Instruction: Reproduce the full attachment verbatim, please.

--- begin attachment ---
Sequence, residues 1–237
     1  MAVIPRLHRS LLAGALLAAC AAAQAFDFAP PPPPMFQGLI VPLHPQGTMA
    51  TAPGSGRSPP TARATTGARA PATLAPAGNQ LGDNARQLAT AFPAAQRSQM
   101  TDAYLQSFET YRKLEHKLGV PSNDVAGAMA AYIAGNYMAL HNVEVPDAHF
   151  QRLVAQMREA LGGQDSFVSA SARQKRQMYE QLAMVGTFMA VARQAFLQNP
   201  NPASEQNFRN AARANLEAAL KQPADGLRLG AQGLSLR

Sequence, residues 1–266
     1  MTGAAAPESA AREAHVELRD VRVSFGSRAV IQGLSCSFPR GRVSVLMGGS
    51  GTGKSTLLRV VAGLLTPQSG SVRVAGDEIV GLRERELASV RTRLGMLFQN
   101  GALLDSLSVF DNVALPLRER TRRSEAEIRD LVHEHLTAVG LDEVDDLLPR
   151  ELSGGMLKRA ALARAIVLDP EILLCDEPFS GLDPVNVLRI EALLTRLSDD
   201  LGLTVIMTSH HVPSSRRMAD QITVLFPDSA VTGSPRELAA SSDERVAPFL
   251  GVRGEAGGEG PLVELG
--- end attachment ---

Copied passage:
Sequence, residues 1–237
     1  MAVIPRLHRS LLAGALLAAC AAAQAFDFAP PPPPMFQGLI VPLHPQGTMA
    51  TAPGSGRSPP TARATTGARA PATLAPAGNQ LGDNARQLAT AFPAAQRSQM
   101  TDAYLQSFET YRKLEHKLGV PSNDVAGAMA AYIAGNYMAL HNVEVPDAHF
   151  QRLVAQMREA LGGQDSFVSA SARQKRQMYE QLAMVGTFMA VARQAFLQNP
   201  NPASEQNFRN AARANLEAAL KQPADGLRLG AQGLSLR

Sequence, residues 1–266
     1  MTGAAAPESA AREAHVELRD VRVSFGSRAV IQGLSCSFPR GRVSVLMGGS
    51  GTGKSTLLRV VAGLLTPQSG SVRVAGDEIV GLRERELASV RTRLGMLFQN
   101  GALLDSLSVF DNVALPLRER TRRSEAEIRD LVHEHLTAVG LDEVDDLLPR
   151  ELSGGMLKRA ALARAIVLDP EILLCDEPFS GLDPVNVLRI EALLTRLSDD
   201  LGLTVIMTSH HVPSSRRMAD QITVLFPDSA VTGSPRELAA SSDERVAPFL
   251  GVRGEAGGEG PLVELG